Trial for James Mazzo Ends in Hung Jury; Co-defendants DeCinces, Parker Convicted

May 12, 2017: By Joan McKenna

A federal jury concluded May 12 that it could not reach a verdict in the US government’s case against ophthalmic industry veteran James Mazzo on charges of insider trading, but jury members convicted co-defendants Doug DeCinces on 13 counts and David Parker on three counts.

Jury members deliberated for seven days.

Jury members deliberated seven days.

The jury told US District Judge Andrew Guilford on Day 7 of deliberations that members couldn’t reach agreement on the counts against Mazzo. Guilford declared a mistrial in his case.

Guilford will hold a status conference June 12 to discuss future proceedings in the case, including sentencing hearings.

Mazzo, 60, the former CEO and chairman of Advanced Medical Optics (AMO), was accused of providing nonpublic information to friend and neighbor DeCinces, a former major league ballplayer, in advance of Abbott’s 2009 acquisition of AMO. DeCinces made a profit of $1.3 million trading on the information, and he passed the information to associates, who also benefited, federal prosecutors said. The government also alleged that Mazzo shared inside information with DeCinces in relation to AMO’s 2007 acquisition of IntraLase Corp.

Jury members were asked to decide whether the US government’s case—which linked trades by DeCinces to prior phone calls or outings involving Mazzo and DeCinces—was sufficient for a conviction without evidence of what was said during those exchanges.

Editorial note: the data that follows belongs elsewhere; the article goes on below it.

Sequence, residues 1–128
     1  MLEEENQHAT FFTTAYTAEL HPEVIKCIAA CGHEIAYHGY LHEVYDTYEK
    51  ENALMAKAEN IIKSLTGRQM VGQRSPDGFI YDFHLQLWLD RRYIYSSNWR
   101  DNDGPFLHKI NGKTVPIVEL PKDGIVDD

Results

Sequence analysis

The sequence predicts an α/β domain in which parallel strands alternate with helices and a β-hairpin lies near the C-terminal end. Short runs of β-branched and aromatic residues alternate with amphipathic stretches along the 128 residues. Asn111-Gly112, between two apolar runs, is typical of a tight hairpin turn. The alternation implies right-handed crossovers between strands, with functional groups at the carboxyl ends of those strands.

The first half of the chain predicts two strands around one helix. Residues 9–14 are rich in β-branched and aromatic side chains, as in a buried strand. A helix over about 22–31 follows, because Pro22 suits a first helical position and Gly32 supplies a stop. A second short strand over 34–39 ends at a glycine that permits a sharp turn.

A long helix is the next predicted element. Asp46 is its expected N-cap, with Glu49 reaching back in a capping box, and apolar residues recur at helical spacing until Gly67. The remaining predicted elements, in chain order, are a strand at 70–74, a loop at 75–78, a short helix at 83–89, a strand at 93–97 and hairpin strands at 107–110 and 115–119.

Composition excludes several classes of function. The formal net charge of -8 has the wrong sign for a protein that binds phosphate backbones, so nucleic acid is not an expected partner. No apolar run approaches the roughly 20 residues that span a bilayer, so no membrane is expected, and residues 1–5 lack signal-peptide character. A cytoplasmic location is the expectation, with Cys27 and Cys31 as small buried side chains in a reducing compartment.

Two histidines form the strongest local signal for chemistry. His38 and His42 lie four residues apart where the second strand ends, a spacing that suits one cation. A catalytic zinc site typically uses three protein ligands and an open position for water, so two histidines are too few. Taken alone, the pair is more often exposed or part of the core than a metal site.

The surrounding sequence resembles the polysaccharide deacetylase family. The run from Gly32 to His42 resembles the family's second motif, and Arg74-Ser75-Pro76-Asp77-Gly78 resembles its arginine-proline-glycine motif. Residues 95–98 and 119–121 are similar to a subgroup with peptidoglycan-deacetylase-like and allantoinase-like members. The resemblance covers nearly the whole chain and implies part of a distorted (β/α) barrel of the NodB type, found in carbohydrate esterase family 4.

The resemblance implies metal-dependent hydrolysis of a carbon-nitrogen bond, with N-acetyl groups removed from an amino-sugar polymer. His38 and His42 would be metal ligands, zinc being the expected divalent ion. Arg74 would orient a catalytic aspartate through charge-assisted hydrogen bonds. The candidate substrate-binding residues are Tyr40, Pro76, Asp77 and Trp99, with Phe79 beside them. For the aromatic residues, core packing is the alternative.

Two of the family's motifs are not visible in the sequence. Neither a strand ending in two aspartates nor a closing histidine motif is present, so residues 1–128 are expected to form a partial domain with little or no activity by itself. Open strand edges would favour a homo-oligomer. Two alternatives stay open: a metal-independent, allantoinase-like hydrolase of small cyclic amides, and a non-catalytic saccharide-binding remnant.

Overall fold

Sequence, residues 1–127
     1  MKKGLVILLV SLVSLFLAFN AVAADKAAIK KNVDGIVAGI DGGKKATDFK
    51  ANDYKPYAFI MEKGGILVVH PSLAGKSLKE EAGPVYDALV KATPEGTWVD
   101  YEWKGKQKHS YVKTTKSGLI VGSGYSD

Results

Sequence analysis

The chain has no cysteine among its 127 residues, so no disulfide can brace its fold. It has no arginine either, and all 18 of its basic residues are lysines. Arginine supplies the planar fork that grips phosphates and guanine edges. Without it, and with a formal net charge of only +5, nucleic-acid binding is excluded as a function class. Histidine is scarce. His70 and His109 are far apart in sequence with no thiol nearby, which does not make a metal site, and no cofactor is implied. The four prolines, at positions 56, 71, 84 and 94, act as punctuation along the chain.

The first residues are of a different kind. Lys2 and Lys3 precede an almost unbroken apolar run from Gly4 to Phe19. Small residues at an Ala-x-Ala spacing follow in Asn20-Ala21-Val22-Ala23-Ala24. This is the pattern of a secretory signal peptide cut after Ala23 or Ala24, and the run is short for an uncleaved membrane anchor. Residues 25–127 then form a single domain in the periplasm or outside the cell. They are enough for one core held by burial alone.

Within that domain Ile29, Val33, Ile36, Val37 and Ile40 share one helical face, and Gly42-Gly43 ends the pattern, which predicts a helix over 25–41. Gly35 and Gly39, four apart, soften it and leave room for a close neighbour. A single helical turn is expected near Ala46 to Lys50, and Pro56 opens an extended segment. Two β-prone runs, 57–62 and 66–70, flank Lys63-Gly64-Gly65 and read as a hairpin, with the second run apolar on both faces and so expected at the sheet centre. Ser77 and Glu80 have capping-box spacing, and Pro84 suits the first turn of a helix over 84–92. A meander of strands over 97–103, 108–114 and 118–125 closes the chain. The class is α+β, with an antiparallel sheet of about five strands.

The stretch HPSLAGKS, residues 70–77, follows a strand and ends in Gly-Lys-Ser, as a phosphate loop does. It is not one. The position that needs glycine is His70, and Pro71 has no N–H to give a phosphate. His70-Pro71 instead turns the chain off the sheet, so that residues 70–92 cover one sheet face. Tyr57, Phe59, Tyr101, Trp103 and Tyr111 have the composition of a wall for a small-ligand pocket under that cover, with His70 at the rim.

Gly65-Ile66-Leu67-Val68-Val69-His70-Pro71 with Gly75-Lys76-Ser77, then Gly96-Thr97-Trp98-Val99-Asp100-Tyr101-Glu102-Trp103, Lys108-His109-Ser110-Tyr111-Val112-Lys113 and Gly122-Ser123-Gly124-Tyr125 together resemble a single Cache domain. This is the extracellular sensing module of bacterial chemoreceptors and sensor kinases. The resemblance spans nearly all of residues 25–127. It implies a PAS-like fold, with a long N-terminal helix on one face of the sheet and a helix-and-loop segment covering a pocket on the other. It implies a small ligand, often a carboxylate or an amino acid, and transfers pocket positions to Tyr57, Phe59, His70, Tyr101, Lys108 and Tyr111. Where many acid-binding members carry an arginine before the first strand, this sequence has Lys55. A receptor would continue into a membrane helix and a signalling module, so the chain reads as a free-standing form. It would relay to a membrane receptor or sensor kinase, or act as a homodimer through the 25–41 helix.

During closing arguments, defense attorneys spent five hours trying to convince the jury that prosecutors had produced no real evidence, while federal prosecutor spent one hour insisting that the evidence was overwhelming, according to Courthouse News Service.

The trial, which began March 7, was held in the US District Court for the Central District of California.

Four weeks into the trial, Mazzo’s lawyers filed a motion for acquittal, claiming: “Putting aside the government’s rhetoric, there is no link between Mr. Mazzo and the trades in this case. Instead of relying on concrete evidence, the government piles unsupported inference upon unsupported inference, hoping that speculation will suffice in this criminal case. The government’s case rests on a series of unsupported assumptions: because Mr. Mazzo and Mr. DeCinces were friends and talked on occasion, Mr. Mazzo must have told Mr. DeCinces material, nonpublic information about the AMO-Abbott transaction; because Mr. DeCinces traded in AMO stock, he must have relied on inside information; because Mr. DeCinces was enthusiastic about the stock in early January, he must have known exactly what was going on within AMO. None of these inferences are supported by evidence, and none would convince a rational juror of guilt beyond a reasonable doubt.”

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